Sunday, December 9, 2012

Ti Jimson and Medical Reality Here in Haiti...

This morning I sit in a hospital in La Pointe, Haiti with a precious 12 year old boy, Ti Jimson, who is battling infection throughout his body.  He now sleeps on a hospital cot with a blanket rolled up under his head, IV in his little foot, a diaper wrapped around his little bottom, and a pillow case draped over his body to give him comfort since he can’t have clothes on because his fever comes and goes.  For the last seven days, this has been us.  We wait for answers, we wait for the doctor to come every morning, we wait for the nurses to check in every few hours, he takes medicine, he tries his best to keep food down, he shivers, he cries, he looks into my eyes and expresses his feelings without any words.

Last Saturday afternoon, I was reminded of the medical process here in Haiti.  I scooped Ti Jimson into my arms as he needed to go to the maternity section of the mission to get his hemoglobin checked.  They had to turn the generator on for power in order to do this.  In just a few seconds, we received the news that his hemoglobin had gone from 5g to 3g in one day.  Dr. Simone immediately had us go to the hospital which is about 40 minutes away from the mission because he required a blood transfusion.  Once there, one of the Miriam Center nurses and I walked him to the emergency room.  She paid for a dossier for him, and I sat in a chair with him as everyone just stared at this sick boy in my arms. 
I must say, I was impressed with the quickness of the emergency department of the hospital.  Within 30 minutes, they had an IV in him and were transferring us to the pediatric “in patient” room.  After a few hours, I quickly realized that Ti Jimson would need a private room because he could not battle infection with 17 other pediatric patients and their families in the same room.  On Saturday evening, I made the best decision I could have ever made on a whim…we walked down the hallway and this precious boy now had his own room.  For so many Haitians this is not an option because it costs about $30USD a night and a 5 night deposit is demanded before transferring.  The room is simple, but clean (minus a few mosquitos and a dusty fan) and quiet…priceless in my eyes!
Ti Jimson received the emergency blood transfusion on Saturday night.  I looked on the bag of blood, and it was donated by a visiting doctor on November 6, 2012.  In the states we always hear about the “gift of life” but here I was seeing it with my very own eyes.  On Monday morning, we received the news that Ti Jimson’s hemoglobin was 7.3!!!  Although we praised this report, we still needed answers.  Ti Jimson has been coughing, having fevers up to 105.1, liver is enlarged, refusing to eat, crying in pain, etc.  The pediatrician has been wonderful, but only has time to see him once a day because she is the only pediatrician right now.  Her time is stretched thin between the ER patients, the clinic patients, the orphanage patients, and the hospital patients.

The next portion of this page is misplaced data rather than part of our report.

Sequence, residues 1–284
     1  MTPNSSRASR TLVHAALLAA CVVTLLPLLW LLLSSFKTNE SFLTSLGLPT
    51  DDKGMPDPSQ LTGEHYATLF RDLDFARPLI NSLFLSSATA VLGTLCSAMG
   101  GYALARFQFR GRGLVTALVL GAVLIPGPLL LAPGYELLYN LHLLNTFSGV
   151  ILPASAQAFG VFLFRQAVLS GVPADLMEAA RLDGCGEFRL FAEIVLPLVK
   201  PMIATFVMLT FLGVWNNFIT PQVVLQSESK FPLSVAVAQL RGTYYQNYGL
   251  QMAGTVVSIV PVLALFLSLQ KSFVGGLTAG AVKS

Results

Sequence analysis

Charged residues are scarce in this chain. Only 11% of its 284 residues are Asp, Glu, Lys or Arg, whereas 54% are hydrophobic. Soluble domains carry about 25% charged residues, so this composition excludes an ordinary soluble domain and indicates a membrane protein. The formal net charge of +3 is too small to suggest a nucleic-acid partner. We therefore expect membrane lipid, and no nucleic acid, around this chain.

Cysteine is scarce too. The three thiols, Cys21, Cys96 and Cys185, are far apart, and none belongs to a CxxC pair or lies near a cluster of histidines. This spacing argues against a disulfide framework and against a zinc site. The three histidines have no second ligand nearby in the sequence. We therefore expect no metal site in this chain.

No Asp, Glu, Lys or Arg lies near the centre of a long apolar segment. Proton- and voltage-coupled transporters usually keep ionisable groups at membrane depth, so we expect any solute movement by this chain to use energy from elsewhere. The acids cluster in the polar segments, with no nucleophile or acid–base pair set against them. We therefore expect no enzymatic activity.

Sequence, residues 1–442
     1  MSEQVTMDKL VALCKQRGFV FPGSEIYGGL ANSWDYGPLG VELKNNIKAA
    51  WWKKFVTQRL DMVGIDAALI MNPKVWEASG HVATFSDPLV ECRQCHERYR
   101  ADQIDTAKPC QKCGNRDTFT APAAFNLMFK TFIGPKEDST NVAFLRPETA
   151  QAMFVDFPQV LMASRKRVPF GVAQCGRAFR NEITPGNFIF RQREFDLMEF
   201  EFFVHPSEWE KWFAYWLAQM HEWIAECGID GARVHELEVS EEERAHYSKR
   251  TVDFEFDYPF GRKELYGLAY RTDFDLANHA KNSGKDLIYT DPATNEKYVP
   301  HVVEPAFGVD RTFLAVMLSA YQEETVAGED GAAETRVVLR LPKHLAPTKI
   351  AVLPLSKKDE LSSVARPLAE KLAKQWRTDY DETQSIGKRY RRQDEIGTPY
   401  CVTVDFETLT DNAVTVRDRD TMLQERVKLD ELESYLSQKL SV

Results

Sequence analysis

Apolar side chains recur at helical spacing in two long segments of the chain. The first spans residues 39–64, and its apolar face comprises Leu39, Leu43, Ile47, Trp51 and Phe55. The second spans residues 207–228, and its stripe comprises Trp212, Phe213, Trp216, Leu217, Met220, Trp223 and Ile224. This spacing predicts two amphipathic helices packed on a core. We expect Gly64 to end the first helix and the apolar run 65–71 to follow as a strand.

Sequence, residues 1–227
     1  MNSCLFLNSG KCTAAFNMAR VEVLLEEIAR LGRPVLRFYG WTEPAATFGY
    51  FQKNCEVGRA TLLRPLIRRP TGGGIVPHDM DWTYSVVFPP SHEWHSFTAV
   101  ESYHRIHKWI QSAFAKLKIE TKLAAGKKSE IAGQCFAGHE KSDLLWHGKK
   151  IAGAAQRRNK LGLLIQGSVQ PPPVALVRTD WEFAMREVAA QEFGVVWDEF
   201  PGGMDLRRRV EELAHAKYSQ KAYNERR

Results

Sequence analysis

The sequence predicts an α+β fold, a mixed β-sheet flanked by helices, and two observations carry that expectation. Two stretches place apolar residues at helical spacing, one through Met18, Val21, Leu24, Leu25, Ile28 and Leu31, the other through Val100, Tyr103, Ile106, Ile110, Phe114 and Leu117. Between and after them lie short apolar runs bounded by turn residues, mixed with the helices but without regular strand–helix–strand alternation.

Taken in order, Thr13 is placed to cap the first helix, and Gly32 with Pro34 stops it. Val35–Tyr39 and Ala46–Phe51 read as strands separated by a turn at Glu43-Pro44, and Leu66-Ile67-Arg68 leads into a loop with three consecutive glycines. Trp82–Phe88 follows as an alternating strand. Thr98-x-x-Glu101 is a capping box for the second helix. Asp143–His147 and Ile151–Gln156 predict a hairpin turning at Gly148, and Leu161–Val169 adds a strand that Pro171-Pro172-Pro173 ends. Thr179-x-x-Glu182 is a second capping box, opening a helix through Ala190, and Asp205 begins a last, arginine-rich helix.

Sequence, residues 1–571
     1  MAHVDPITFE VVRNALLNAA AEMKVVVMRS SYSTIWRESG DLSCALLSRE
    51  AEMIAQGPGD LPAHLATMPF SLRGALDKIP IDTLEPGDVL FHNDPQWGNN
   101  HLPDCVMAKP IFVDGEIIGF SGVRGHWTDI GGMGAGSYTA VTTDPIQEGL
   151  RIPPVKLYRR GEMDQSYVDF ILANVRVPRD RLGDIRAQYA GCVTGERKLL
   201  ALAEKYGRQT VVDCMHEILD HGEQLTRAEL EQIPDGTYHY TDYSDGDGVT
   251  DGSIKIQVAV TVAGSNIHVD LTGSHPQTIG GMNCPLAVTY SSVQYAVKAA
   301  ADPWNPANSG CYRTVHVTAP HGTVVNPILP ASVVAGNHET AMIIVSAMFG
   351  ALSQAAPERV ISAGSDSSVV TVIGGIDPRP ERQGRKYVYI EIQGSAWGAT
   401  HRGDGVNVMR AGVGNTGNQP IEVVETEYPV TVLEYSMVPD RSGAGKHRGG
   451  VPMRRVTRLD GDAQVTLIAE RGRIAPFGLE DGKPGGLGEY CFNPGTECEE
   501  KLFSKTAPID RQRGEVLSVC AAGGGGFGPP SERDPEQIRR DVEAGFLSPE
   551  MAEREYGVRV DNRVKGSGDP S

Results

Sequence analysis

Every day has presented with more tests and more medications.  It has gone through my head, “are we simply putting a Band-Aid on the situation or are we indeed treating something?”  Pneumonia meds, fever meds, malaria preventative meds, etc.  Blood work is looking better and the chest x-ray doesn’t look too bad anymore either.  Wednesday and Thursday nights were quite the scare with a 105.1 fever, no eating, diarrhea, respiratory distress etc.  An emergency IV was given as well as 2 shots (one for fever and one for respiratory trouble.)  Again, the Lord became our Great Physician…the medicine worked both nights.  I finally feel like the little guy might make it.  I sit here just praying over his little body that the fever does not come back, that he keeps his food down, and that he rests to gain all the strength he has lost this past week.  I truly believe that God wants this child to have one more miracle to add to his collection!  See, he is already a miracle in so many ways…he is a special needs child living in Haiti, he is a true orphan, and he has battled many illnesses in his short life. 
I could go on and on, but it is not needed.  I simply want you to ask for a hedge of protection over this sweet boy.  His body is weak, and it needs strength.  May he feel loved each day that he fights, may he be comforted when he hurts, and may he be a LIVING testimony of God’s love for all of those like him! 
Little story for this season of giving…
A nurse came in last night, and saw that we had two thermometers on our shelf (one being an old fashioned mercury one.)  She said, “You have much thermometers, could you give me one?”  She is a nurse at a hospital in Haiti and she needs a thermometer!  She said we had “MUCH” and we had two…reality, for sure!